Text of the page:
The rules of statutory construction would lead one to conclude that since a predicate notice must be served pursuant to Section 735 in so many specified circumstances, the absence of such a provision in 711(1) means such service is not required.

“A court cannot by implication supply in a statute a provision which it is reasonable to suppose the Legislature intended intentionally to omit;  and the failure of the Legislature to include a matter within the scope of an act may be construed as an indication that its exclusion was intended.”   McKinney's Cons.Laws of N.Y., Book 1, Statutes § 74.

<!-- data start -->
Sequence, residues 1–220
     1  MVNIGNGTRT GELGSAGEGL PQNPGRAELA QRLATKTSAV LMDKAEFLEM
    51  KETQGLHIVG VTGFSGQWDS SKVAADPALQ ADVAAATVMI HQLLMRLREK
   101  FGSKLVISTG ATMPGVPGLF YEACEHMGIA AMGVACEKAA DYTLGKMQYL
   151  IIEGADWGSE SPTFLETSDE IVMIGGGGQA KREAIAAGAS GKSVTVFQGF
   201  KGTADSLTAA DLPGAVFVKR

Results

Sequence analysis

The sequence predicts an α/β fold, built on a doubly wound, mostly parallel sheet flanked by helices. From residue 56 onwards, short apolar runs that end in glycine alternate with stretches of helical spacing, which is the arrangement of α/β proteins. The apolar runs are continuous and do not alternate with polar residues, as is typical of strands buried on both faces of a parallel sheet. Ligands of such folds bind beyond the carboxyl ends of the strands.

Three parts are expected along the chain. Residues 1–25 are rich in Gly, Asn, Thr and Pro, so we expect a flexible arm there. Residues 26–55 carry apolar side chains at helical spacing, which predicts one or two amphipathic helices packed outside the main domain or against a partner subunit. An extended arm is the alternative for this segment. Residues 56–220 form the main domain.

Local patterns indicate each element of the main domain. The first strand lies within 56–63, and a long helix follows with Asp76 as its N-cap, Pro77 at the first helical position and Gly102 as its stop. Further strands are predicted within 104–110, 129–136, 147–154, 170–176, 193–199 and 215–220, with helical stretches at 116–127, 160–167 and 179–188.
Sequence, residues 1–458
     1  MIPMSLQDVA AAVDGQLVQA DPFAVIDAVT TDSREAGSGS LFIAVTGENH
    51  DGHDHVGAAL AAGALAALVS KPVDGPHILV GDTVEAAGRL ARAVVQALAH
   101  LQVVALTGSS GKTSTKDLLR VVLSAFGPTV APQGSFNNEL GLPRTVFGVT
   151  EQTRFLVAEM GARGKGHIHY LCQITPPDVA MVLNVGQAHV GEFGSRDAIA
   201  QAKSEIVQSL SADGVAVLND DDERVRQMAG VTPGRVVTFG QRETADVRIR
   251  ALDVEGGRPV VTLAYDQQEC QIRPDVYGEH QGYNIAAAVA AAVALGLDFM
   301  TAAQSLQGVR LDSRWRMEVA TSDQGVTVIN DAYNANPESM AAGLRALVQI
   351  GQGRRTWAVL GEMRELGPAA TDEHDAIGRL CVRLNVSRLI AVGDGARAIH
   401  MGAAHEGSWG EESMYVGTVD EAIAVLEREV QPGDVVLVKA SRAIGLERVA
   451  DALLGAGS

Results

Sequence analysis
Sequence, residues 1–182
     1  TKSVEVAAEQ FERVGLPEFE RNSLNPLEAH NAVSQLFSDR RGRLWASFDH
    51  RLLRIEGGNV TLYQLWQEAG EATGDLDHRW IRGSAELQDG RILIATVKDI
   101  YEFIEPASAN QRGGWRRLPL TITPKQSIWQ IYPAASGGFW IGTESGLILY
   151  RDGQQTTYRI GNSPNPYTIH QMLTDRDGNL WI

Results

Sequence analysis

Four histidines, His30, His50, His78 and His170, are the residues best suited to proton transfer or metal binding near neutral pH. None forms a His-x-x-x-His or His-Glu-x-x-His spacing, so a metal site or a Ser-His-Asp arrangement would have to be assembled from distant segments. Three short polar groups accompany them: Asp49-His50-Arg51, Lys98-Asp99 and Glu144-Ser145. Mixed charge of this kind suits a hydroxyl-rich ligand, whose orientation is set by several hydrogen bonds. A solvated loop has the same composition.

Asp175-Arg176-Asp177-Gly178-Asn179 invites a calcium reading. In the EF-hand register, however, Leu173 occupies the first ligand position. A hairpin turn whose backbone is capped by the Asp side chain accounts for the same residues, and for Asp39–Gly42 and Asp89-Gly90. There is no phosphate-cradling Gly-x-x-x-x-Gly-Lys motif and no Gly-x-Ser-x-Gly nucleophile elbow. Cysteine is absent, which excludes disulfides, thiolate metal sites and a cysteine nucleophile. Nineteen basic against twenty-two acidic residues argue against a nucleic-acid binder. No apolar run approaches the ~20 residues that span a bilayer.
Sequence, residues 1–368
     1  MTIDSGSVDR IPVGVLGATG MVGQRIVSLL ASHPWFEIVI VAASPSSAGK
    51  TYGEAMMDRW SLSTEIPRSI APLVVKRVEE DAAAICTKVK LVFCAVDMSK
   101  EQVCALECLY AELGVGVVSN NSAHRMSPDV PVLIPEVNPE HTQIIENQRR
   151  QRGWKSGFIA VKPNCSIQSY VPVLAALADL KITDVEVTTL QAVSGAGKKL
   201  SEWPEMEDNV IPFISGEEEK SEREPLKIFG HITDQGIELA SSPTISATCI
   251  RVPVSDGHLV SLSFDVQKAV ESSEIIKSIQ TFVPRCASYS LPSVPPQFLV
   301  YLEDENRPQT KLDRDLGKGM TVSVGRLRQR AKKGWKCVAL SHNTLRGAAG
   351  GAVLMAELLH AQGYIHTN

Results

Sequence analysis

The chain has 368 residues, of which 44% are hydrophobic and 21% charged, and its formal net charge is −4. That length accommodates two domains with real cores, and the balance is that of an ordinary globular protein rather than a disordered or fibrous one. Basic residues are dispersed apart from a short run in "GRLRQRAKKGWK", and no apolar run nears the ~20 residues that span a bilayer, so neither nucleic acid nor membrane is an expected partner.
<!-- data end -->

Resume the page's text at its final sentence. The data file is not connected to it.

Thus, while a tenant may not waive a statutorily required notice in a lease, RPAPL Section 711(1) does not require service of a notice pursuant to RPAPL Section 735.  Lana Estates, Inc. v. National Energy Reduction Corp., 123 Misc.2d 324, 473 N.Y.S.2d 912 (Civil Ct. Queens 1984);  Main Street Mall Corp. v. NR Store, Inc., 155 Misc.2d 118, 587 N.Y.S.2d 117 (City Ct. New Rochelle 1992);  PAK Realty Assoc. v. RE/MAX Universal, Inc., 157 Misc.2d 985, 599 N.Y.S.2d 399 (Civil Ct. Queens 1993).